A resident of Old South Baton Rouge known by friends and family as a good Samaritan who often quoted Bible verses died early Tuesday morning when a fire engulfed his Myrtle Avenue home.
When firefighters arrived at the house of Tommy Lee Bates, located in the 800 block of Myrtle Avenue, shortly after 2:30 a.m., flames were shooting from the front and back of the home, according to the Baton Rouge Fire Department.
Firefighters battled the blaze until it was weak enough to enter the house safely. During a search of the residence, firefighters found Bates’ body, said Mark Miles, a fire department spokesman.
The cause of the fire remains under investigation, Miles said.
The East Baton Rouge Parish Coroner’s Office ruled Bates’ death an accident. Bates died from carbon monoxide poisoning due to smoke inhalation, said Dr. Beau Clark, the parish coroner.
Various burned items were strewn across the yard in the aftermath of the fire.
A charred couch. A blackened beer bottle. A shoe.
Throughout the morning, cars slowed down while driving by Bates’ home.
“This is messed up,” one driver said through a rolled-down window. “I just saw him last night.”
Many neighbors made similar comments. They often saw him riding his bicycle in the neighborhood, where he was well known among residents.
“I just gave him a suit a week ago for his wife’s funeral,” said Steve Green, a tour bus driver who lives near Bates’ home, referencing the death of Charleen Bates. The couple had been separated for many years prior to her death.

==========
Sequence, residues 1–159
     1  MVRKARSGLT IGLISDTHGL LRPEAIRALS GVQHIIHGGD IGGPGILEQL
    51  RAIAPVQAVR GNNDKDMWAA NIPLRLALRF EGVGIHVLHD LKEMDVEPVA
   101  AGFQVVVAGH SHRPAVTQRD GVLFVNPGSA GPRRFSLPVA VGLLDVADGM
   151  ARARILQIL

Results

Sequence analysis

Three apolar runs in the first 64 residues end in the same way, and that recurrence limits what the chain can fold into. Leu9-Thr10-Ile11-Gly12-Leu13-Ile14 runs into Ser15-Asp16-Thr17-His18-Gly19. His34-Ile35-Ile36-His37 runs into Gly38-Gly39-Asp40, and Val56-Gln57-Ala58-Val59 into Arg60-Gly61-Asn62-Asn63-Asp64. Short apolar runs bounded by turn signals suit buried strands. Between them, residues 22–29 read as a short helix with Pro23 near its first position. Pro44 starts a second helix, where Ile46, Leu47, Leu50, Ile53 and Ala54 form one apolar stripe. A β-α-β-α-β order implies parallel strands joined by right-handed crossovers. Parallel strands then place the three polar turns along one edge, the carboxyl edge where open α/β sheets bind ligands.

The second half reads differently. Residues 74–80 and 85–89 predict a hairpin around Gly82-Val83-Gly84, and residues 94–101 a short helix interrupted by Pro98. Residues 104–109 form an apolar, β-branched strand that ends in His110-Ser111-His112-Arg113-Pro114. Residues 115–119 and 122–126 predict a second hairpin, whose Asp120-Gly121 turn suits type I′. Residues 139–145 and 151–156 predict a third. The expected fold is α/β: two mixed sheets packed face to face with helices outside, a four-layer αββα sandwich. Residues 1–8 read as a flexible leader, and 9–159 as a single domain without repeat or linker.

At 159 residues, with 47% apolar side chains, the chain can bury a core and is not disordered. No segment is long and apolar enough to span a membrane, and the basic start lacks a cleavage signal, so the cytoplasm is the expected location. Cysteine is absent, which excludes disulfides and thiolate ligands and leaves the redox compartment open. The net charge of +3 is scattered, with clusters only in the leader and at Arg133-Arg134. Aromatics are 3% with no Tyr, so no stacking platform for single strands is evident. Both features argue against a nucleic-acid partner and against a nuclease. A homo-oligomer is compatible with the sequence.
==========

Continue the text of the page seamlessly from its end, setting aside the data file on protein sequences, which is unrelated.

Green was among the neighbors who went outside in the wee hours of the morning and witnessed the fire.
“It just happened so fast,” Green said. “The house was blazing.”
Willie Jones, 55, lives next to Bates’ home. Jones exited his residence as soon as he realized his neighbor’s home was burning.
“It was flaming pretty good,” Jones said.
Neighbors said Bates lived alone but he often let other people stay at his home, which didn’t have utilities. He welcomed the needy, they said, while encouraging others and helping out around the neighborhood.
“He had a very good, caring spirit,” said Tommy Lee Bates’ sister, Loretta Bates. “He was kind to everyone.”
She described her brother as a smart, loving man who thoroughly enjoyed her home-cooked red beans and rice. He also spent many hours studying the Bible, his sister said.
“He quoted a lot of Bible verses,” Loretta Bates said. “He knew so many. He loved God.”
Tommy Lee Bates usually spent a few hours a day working at the neighborhood store a few blocks from his home, the Southside Supermarket at the corner of Thomas H. Delpit Drive and Terrace Street.
Abdo Alhanuma, the supermarket’s owner, said Bates worked hard and didn’t cause trouble. He was intelligent, too, often engaging with Alhanuma — who is from Yemen — in discussions about the Middle East.
“He was a good guy,” Alhanuma said.
Charlene Moss, a friend of the Bates family, said she had known Bates practically her whole life. She called him her brother, although they weren’t related, and he called her “Cover Girl.”
“He would do anything for anybody in the neighborhood,” Moss said. “He was the go-to person always willing to help, always full of love and laughter.”
Moss said she last saw Bates on her way to church over the weekend. She waved to him, and he waved back.
“We’re just going to really, really, really miss him,” she said.
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